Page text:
(b) If the patient is a survivor of sexual assault or abuse, the patient may be more uncomfortable by a hands-on assessment in a sensitive region of the body (13). In this circumstance, a trauma-informed approach to care can be employed by the clinician. This approach considers the life events of a patient and recognizes how traumatic events can manifest in various behaviours (23). It is vital that the patient’s privacy is respected, and a safe environment is provided. Patients may wish to have a chaperone for added comfort (17). Continually reassure patients that consent is ongoing, and the procedure can stop at any time. Relaxation methods, such as breathing exercises, can also make the patient feel more comfortable (24). It is important to note that certain techniques using a 2-digit insertion may not be performed while performing deep breathing exercises if the patient is experiencing pain or anxiety (25). If the clinician is the first person with whom the patient has discussed past trauma, provide the patient with additional resources or referrals if the patient is interested (17);
(c) There may be some cultural differences between the patient and the clinician. In some cultures, having an open discussion about genitals is not acceptable, and patients may even be discouraged by family members and friends (26). It is important to be sensitive to this and explain that you are committed to supporting them;
(d) There may be language barriers. Open communication is one of the key components of building an effective therapeutic relationship. When there is a language barrier, it can be helpful to make arrangements to have a translator with whom the patient is comfortable (27); and
(e) There can be a lack of continuity of care or barriers to program adherence. Provide patient education about the diagnosis, prognosis, and the benefits of a pelvic rehabilitation program (28). Taking an individualized approach to care and prescribing an appropriate home exercise program can improve adherence (21).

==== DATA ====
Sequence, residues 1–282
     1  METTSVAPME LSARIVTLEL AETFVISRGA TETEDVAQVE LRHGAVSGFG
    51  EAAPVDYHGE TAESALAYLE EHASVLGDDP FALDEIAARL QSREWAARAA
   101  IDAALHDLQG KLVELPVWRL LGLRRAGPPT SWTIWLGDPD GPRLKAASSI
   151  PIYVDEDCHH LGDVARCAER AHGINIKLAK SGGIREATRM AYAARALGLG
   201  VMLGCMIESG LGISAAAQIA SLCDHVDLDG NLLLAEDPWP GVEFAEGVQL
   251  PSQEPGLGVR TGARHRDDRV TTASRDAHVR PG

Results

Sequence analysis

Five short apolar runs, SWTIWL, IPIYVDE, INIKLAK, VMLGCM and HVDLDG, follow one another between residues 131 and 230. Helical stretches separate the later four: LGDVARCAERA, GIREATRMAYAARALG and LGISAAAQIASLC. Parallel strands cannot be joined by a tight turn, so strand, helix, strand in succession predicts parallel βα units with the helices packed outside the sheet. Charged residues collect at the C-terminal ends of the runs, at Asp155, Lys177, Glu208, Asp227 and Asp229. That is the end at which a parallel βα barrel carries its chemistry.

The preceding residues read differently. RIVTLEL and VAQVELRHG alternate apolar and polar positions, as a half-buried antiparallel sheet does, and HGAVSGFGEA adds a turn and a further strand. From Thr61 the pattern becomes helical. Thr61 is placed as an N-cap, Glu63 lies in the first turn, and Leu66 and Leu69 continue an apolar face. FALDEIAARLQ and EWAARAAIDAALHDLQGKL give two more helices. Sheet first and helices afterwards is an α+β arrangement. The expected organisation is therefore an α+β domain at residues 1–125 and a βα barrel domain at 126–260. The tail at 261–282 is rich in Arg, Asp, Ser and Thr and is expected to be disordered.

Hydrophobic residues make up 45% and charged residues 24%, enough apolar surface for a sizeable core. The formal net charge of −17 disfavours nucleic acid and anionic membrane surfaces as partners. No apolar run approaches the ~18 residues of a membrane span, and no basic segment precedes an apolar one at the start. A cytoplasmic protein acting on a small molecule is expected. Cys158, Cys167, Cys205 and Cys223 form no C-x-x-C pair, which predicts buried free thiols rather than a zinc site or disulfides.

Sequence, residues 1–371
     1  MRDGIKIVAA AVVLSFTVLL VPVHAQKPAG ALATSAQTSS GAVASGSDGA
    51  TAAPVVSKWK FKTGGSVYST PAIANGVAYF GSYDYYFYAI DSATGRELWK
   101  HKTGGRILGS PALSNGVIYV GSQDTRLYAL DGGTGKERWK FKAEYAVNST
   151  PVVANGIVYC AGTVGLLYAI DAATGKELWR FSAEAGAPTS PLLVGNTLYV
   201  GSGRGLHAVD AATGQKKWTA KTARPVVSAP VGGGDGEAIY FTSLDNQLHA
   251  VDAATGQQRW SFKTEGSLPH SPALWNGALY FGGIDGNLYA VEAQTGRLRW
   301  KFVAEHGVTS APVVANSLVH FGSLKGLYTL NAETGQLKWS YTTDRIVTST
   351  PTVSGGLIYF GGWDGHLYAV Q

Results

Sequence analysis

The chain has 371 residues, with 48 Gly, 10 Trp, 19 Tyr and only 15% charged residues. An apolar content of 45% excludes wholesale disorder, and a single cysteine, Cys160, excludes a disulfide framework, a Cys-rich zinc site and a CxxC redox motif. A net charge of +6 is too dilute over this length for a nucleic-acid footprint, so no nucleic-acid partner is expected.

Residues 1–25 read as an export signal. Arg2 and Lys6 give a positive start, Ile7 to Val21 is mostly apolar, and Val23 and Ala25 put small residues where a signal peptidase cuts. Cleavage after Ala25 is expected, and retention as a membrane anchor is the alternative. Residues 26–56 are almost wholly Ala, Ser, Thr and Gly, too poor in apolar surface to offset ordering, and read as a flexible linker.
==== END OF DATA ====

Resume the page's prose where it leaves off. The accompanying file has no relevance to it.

“…building effective therapeutic relationships is crucial in reaching the patient’s goals and attaining patient satisfaction.”
Building rapport with patients is ongoing and strengthens over time (29). Throughout a patient’s treatment, the use of outcome measures can be encouraging by tracking change and improvements (21). Outcome measures intended for assessing pain severity, such as the Numeric Pain Rating Scale (NPRS) or the Visual Analog Scale (VAS), are appropriate options for this purpose.
Mastering clinical knowledge and skills are essential in clinical practice; however, building effective therapeutic relationships is crucial in reaching the patient’s goals and attaining patient satisfaction. Many psychosocial factors can be barriers to building that relationship. Nonetheless, remaining mindful of the challenges and being conscious of the importance of the relationship with the patient can help to improve the clinician-patient relationship, patient satisfaction, and clinical outcomes.
Featured illustration by Michelle Wu for rehabINK.
To refer to this article, it can be cited as:
Modarresi S, Janssen S, Seens H & Modarresi G . Building effective therapeutic relationships in pelvic floor rehab: a commentary. rehabINK. 2021:11. Available from: https://rehabinkmag.com